Ben Nasr M.,Harvard University |
Vergani A.,Harvard University |
Avruch J.,Harvard University |
Liu L.,Harvard University |
And 13 more authors.
Acta Diabetologica | Year: 2015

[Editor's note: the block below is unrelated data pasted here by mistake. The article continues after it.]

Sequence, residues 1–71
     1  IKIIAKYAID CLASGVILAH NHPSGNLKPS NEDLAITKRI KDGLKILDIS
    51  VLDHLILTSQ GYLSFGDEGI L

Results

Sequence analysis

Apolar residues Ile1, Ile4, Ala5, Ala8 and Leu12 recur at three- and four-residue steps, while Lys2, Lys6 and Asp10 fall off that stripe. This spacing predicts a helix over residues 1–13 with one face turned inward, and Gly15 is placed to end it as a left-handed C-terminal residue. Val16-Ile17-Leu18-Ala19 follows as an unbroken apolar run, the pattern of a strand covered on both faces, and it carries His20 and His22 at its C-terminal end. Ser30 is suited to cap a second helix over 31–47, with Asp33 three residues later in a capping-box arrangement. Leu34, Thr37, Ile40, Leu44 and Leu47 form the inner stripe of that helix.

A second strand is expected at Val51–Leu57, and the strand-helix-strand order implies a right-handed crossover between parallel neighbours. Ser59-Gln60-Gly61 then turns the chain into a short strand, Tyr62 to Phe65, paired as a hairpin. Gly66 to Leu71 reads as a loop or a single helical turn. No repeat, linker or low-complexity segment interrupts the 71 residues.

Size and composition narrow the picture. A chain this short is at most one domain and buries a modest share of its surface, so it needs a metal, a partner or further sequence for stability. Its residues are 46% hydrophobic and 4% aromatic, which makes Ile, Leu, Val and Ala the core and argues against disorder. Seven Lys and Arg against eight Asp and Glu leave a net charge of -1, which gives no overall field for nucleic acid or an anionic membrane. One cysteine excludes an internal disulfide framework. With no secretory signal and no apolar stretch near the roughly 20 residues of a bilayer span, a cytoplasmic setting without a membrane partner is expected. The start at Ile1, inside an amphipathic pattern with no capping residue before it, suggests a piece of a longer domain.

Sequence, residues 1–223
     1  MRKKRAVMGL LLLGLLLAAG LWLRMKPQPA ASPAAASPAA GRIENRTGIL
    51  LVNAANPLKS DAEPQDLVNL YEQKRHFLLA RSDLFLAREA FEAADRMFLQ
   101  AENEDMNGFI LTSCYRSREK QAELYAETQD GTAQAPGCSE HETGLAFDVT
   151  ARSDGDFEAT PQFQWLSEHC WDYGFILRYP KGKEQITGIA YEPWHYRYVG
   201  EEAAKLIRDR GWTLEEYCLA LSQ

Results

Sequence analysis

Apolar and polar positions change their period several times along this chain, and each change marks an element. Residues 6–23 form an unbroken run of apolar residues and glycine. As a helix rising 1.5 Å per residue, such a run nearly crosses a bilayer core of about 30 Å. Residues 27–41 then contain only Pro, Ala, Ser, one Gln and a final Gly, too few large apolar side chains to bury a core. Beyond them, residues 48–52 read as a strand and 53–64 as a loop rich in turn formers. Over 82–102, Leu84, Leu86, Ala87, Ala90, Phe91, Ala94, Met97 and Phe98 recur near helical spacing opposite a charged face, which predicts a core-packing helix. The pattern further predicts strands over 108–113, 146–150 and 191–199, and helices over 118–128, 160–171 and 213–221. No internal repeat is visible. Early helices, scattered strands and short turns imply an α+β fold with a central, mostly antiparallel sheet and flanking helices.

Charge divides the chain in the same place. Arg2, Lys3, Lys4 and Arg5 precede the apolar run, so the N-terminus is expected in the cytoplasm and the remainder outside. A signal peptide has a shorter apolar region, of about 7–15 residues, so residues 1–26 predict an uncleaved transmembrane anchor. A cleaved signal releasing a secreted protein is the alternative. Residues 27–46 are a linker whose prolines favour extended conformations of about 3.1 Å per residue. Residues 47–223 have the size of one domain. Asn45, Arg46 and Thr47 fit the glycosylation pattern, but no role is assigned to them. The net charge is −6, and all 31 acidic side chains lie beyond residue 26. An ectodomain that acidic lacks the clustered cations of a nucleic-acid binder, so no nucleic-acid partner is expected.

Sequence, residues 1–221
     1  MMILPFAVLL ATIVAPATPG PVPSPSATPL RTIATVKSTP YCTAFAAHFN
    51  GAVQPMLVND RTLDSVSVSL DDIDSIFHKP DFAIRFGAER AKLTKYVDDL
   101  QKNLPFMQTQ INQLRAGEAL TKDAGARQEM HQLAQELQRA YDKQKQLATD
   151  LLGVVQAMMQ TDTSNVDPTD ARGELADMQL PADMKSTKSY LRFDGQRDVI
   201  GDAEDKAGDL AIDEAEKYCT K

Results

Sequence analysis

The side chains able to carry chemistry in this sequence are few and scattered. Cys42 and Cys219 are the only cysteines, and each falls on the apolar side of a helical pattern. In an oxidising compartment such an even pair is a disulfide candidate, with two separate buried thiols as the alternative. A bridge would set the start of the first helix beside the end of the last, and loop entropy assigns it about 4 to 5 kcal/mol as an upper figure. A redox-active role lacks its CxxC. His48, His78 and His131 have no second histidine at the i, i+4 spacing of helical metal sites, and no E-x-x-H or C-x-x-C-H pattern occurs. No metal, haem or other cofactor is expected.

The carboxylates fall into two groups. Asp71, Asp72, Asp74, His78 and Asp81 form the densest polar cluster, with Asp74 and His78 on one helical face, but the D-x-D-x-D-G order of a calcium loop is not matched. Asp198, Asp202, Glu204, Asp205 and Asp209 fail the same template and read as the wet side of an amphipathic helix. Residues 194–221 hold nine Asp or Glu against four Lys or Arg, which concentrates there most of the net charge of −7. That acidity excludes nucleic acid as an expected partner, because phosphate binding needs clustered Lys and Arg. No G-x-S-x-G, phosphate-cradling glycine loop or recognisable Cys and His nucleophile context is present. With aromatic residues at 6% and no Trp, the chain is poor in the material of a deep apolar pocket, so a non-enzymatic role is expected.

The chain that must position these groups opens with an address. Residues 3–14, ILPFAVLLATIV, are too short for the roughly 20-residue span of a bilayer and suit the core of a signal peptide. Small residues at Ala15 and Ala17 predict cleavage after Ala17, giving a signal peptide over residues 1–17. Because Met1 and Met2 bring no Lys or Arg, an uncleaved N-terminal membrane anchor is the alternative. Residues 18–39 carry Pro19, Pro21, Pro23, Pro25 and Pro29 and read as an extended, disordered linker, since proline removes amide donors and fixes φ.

Aims: Mesenchymal stem cells (MSCs) are multipotent cells with immunomodulatory properties. We tested the ability of MSCs to delay islet allograft rejection. Methods: Mesenchymal stem cells were generated in vitro from C57BL/6 and BALB/c mice bone marrow, and their immunomodulatory properties were tested in vitro. We then tested the effect of a local or systemic administration of heterologous and autologous MSCs on graft survival in a fully allogeneic model of islet transplantation (BALB/c islets into C57BL/6 mice). Results: In vitro, autologous, but not heterologous, MSCs abrogated immune cell proliferation in response to alloantigens and skewed the immune response toward a Th2 profile. A single dose of autologous MSCs co-transplanted under the kidney capsule with allogeneic islets delayed islet rejection, reduced graft infiltration, and induced long-term graft function in 30 % of recipients. Based on ex vivo analysis of recipient splenocytes, the use of autologous MSCs did not appear to have any systemic effect on the immune response toward graft alloantigens. The systemic injection of autologous MSCs or the local injection of heterologous MSCs failed to delay islet graft rejection. Conclusion: Autologous, but not heterologous, MSCs showed multiple immunoregulatory properties in vitro and delayed allograft rejection in vivo when co-transplanted with islets; however, they failed to prevent rejection when injected systemically. Autologous MSCs thus appear to produce a local immunoprivileged site, which promotes graft survival. © 2015, Springer-Verlag Italia.